Batman v Superman: Dawn of Justice (2016) Review

Directed by: Zack Snyder
Written by: David S. Goyer, Chris Terrio
Starring: Ben Affleck, Henry Cavill, Amy Adams, Jesse Eisenberg, Diane Lane, Laurence Fishburne, Jeremy Irons, Holly Hunter, Gal Gadot

(Originally written for Youtube Mar 27 2016)

First thing first, this review will contain spoilers; you’ve been warned.

This one is going to be short, because I really don’t have a nuanced opinion on it. In summary, I hate this movie. This movie makes me angry, and more than that, it makes me sad that it exists. That so many people came together to make this film, spent almost half a billion dollars doing so, and all with such a fundamental misunderstanding of these characters; characters that are so simple at their core because they’re for children; and they just don’t get it. More than that actually, watching Batman v Superman, I can’t help but feel that this movie doesn’t just not understand Superman, it actively hates him.

And while it’s that hate for the character more than anything else that resigns it to the mess it is today; that is far from its only problem. This entire movie is a mess. The plot makes absolutely no sense, and at many points is laughably baffling. The first hour or so of this film is basically a structure less montage, with scenes happening at random, because honestly, they’re all kind of unimportant. Most of the main characters have no motivation, and those lucky enough to have that are plagued by inconsistency. The film is constantly dark and gloomy, and the soundtrack is plodding and about as epic as a wet fart. The fight at the center of this film, the titular one between Batman and Superman has no reason to actually happen, and the way it resolves itself is the most idiotic plot-point I have ever seen in a film, only barely beating out another plot-point in this film involving, and I am not making this up, a mason-jar of Lex Luthor’s piss.

But a film can have structural issues and be good. A film can have character inconstancies, and laughable plot-points, and still be good. And there is some good here. There’s maybe half-an-hour of what could be the best live-action Batman movie ever tucked into this two-and-a-half-hour mess. But what a film can’t do, if it wants to be good, is hate itself; and that’s exactly what I get from this film.

Batman v Superman: Dawn of Justice does not believe in Superman. It doesn’t want to believe in Superman. This is a film that does not want to believe in hope, or that there could be something better, or that people can want to do good simply because it’s the right thing to do. In Batman v Superman all action comes from selfishness, all benevolence must be interrogated, and any symbols of hope must be stabbed through the heart. This film is the one thing a film about Superman should never ever be – cynical. And it’s so dogmatic, so unrelenting in its cynicism that it refuses to realize how incredibly idiotic it all is.

We have a Superman who never smiles, who doesn’t have any emotions at all in-fact; and likes to preface all of his heroic deeds by hovering above those in need for prolonged periods of time as sizes up the scope of his burden. I can’t tell you why this Superman decides to rescue people, and I’m not sure he could either. He doesn’t seem to like anyone who isn’t Lois Lane. He clearly isn’t happy. And this film’s nihilistic Batman fares no better. Affleck’s is a Batman with a body count, as comfortable shooting a variety of guns as he is in the role as executioner. His doesn’t seem like a Batman out to prevent the crime that happened to him from befalling anyone else, or even out for vengeance. And I can’t believe that he wants to fight Superman because I can’t believe he wants to do anything. The only character in this movie to escape this black hole of hopelessness is Wonder Woman, who pops up at the end of the movie, and because of a lack of proper development, is given enough room so that the audience can project heroism onto her, free to believe that she decides to do good because it’s the right thing to do.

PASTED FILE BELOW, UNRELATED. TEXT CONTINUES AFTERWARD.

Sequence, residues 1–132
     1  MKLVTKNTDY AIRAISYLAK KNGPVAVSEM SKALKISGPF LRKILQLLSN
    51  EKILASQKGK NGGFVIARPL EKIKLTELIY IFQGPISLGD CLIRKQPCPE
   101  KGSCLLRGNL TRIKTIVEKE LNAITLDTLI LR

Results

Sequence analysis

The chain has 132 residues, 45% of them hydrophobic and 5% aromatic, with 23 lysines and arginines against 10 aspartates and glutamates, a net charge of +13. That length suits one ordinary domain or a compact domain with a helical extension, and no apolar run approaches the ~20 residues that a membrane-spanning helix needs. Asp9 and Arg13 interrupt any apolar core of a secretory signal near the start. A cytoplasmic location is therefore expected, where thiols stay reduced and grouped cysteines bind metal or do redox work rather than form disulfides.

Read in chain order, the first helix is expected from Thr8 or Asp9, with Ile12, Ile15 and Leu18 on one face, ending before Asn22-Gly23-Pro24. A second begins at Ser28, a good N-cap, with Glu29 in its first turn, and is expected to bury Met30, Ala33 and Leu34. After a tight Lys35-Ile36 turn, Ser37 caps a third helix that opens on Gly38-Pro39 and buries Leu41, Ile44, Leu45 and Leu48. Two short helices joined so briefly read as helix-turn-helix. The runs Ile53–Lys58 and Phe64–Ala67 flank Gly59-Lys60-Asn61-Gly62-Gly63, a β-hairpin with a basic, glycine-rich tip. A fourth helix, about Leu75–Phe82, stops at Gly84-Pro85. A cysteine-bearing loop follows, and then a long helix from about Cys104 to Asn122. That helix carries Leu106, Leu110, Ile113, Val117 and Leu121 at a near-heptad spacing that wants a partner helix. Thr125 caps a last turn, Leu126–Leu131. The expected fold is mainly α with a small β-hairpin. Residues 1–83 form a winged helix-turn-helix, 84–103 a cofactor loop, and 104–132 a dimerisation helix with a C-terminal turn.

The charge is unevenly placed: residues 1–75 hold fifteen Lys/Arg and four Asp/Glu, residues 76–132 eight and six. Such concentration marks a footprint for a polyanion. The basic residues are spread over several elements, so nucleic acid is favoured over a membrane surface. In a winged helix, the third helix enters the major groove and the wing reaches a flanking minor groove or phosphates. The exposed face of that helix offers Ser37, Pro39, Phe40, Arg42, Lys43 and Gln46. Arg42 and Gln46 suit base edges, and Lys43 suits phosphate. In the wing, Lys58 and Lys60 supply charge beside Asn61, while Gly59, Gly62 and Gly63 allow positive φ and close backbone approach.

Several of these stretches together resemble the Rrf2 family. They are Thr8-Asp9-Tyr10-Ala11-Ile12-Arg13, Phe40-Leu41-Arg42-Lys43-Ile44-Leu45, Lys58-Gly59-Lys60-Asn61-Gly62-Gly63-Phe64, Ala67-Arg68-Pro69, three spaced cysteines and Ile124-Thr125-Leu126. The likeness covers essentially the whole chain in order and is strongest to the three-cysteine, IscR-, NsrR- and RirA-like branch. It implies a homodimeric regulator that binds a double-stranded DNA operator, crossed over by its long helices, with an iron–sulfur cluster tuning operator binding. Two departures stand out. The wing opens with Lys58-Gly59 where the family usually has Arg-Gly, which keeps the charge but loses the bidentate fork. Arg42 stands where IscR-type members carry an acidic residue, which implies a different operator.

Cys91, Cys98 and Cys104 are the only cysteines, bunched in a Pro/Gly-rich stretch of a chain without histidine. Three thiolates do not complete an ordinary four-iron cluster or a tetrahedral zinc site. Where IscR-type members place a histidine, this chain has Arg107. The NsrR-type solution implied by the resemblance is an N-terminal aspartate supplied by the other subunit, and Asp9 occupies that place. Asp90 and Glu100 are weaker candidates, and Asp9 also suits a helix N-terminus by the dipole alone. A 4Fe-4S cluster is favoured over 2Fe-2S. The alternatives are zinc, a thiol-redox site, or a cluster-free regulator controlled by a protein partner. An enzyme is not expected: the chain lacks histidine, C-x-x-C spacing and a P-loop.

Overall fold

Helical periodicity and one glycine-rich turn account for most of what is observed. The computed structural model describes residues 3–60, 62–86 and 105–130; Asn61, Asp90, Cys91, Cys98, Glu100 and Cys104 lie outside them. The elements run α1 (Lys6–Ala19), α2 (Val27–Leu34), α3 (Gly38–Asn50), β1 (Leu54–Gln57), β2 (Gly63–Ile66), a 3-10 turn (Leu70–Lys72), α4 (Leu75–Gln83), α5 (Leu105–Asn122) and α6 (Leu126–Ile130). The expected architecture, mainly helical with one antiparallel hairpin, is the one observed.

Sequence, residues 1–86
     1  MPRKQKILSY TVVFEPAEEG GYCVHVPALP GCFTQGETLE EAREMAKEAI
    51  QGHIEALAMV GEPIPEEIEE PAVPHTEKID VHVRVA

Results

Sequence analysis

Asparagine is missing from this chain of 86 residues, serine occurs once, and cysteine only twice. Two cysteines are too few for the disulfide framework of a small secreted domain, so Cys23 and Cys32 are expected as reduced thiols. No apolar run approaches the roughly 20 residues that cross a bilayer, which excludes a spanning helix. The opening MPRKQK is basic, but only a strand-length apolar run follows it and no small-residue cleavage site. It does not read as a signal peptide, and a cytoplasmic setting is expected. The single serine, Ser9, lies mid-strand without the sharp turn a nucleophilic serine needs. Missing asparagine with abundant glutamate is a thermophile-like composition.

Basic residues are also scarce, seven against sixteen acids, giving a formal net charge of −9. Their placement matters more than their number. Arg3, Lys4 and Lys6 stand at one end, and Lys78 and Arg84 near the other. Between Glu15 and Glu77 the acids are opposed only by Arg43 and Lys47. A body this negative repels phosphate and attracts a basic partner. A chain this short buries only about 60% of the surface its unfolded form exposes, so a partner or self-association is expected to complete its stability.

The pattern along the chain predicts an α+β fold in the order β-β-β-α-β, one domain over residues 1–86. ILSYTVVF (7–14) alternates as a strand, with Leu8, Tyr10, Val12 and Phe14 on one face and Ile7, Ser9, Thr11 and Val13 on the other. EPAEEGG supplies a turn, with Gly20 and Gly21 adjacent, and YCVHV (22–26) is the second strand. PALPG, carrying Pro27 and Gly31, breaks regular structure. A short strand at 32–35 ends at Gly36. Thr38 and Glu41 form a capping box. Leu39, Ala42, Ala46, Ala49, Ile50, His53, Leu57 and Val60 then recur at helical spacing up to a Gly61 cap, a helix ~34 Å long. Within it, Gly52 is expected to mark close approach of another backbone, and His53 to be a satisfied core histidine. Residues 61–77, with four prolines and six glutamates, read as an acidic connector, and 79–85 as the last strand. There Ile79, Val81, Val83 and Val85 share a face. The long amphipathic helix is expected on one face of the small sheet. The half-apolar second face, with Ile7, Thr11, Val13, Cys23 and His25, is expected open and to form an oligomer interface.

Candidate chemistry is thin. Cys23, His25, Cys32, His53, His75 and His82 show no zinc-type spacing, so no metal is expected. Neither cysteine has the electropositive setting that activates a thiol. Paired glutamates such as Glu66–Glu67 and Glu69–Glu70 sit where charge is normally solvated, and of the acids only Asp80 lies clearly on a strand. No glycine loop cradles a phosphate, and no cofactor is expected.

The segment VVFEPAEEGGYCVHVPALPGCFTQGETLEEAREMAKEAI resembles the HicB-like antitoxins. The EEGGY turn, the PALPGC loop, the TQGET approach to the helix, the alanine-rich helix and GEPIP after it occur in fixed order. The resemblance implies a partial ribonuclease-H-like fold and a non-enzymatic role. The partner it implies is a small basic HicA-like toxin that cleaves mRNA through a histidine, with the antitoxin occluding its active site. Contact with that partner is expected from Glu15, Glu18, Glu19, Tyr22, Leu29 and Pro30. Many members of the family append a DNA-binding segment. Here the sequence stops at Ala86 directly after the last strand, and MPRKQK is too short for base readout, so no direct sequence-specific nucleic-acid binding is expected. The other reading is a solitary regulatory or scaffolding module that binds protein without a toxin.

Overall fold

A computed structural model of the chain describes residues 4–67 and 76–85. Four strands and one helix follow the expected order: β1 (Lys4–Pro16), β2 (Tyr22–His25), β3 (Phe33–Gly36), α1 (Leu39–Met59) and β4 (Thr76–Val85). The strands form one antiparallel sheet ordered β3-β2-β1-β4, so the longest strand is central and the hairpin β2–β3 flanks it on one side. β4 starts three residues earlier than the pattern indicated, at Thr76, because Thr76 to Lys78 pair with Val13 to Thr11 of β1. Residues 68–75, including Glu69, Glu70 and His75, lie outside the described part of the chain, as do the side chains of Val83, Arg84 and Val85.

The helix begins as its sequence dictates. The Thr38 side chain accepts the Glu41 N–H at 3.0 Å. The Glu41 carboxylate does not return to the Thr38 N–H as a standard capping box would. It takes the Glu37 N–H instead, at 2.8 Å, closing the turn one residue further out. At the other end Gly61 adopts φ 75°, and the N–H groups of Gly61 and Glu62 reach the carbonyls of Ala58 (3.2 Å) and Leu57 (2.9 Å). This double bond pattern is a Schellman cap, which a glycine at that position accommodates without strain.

Luthor, the film’s main villain doesn’t get off any easier. He switches between being motivated by a distrust of power, a jealously of Superman, and a resentment that these heroes didn’t protect him from his abusive father; and prances about the film talking in sporadic word-associative half-sentences that don’t actually mean anything. And his villainous plot to frame Superman of international terrorism using prototype bullets, and somehow tricking Batman into killing Superman for him, but also creating a world-ending supermonster…just makes absolutely zero sense.

But again, this film isn’t as terrible as it is because of a lack of intelligence, but because of a lack of heart. I forget which one of the disposable dour cynics in this movie says that we fear what we can’t understand; but that ends up perfectly summarizing what’s wrong with this. When, at the end of the film, for reasons that make about as much sense as anything else in this film, Superman suddenly decides to do something selfless, he is immediately punished for his transgressions; the symbol of hope on his chest pierced clean through. Such is the fate of the heroic in this film – no good deed unpunished, no hope left unquestioned, no hope left at all. Batman v Superman kills Superman because it does not understand him. It does not understand the very core of this character created by two Jewish immigrants on the eve of the holocaust, this character created for children to look up and aspire to – that there are people who want to do good in this world because it’s the right thing to do, and that no matter how dark things seem, with hope we can reach a better tomorrow.


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